Wednesday, June 20, 2012

Taken For Granted: Comparing a Week of Food Around the World

As our great-grandmothers used to tell us, "Waste not, want not." It's an idea that has vanished with the pocket watch and the Victrola. It's worth noting how much we in the West take for granted when it comes to food.

Too often we in the developed countries of the world forget how lucky actually are. Many of us cannot begin to imagine what it is like not to live in a land of plenty. It's easy to do if you have never been hungry.
And because we tend to take things for granted, we become part of the problem. 
Take food and how we waste it.

According to a 2013 report by the National Resources Defense Council, the average American tosses about 25 percent of food and beverages purchased. For a family of four, the money wasted could total from $1,365 to $2,275. Food spending as a percentage of the overall budget has decreased dramatically over the last few decades, but it’s still the third-largest expense for a household.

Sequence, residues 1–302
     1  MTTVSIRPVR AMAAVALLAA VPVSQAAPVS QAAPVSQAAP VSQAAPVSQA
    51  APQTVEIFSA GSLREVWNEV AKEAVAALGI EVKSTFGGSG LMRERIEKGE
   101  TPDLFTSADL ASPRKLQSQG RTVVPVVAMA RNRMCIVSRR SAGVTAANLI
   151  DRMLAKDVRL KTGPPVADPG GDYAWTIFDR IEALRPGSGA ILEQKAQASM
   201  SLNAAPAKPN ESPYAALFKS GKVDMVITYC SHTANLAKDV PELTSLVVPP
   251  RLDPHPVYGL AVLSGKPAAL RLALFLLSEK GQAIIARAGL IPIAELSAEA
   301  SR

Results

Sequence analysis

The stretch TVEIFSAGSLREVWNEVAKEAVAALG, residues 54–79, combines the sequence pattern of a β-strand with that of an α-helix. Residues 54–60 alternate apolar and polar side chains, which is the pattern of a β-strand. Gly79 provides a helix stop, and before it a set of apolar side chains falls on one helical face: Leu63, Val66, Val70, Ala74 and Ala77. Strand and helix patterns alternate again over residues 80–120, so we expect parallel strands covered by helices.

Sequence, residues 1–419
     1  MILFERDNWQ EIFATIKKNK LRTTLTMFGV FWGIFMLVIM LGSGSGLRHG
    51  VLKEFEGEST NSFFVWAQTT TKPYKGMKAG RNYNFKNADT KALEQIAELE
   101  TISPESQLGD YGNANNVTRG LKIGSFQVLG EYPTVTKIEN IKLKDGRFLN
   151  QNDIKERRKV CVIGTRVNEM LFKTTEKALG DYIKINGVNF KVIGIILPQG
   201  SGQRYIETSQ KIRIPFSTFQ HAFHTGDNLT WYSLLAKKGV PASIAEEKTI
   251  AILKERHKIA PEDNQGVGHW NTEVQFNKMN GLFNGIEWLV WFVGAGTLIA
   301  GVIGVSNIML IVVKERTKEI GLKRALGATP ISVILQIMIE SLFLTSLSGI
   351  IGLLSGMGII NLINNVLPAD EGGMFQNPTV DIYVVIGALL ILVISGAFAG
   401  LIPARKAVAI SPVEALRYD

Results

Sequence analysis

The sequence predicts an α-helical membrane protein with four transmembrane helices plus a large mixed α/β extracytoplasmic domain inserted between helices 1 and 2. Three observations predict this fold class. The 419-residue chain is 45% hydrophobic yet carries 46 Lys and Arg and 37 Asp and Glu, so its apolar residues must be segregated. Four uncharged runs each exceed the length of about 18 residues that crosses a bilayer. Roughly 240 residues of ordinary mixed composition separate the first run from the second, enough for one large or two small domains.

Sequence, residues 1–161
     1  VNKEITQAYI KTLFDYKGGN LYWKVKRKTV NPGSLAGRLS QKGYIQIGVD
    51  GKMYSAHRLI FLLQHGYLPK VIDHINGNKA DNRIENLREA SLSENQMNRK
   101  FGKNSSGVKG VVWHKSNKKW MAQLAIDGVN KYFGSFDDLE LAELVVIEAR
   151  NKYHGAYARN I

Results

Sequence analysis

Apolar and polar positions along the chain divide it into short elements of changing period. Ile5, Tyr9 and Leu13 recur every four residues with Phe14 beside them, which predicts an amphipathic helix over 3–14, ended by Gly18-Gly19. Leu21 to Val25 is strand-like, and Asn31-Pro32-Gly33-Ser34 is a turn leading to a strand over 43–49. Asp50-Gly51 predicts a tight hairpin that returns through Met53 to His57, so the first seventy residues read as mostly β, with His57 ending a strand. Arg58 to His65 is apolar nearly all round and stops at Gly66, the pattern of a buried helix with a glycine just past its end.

The organization also points out that feeding the U.S. population requires an enormous amount of land and resources. When the resources to grow that food are considered, this amounts to approximately 25 percent of all freshwater, 4 percent of the oil we consume, and more than $165 billion dollars all dedicated to producing food that never gets eaten.
Cover of "Hungry Planet: What the World E...


Clearly as population in developing countries continue to grow, there will be a limit to how much can be produced 

The photos below are from the book "Hungry Planet: What the World Eats" by Peter Menzel and Faith D'Aluisio, a photographic study of families from around the world, revealing what people eat during the course of one week.

Each family's profile includes a detailed description and how much was spend every week. It's a truly eye-opening examination of human life on Earth, isn't it?




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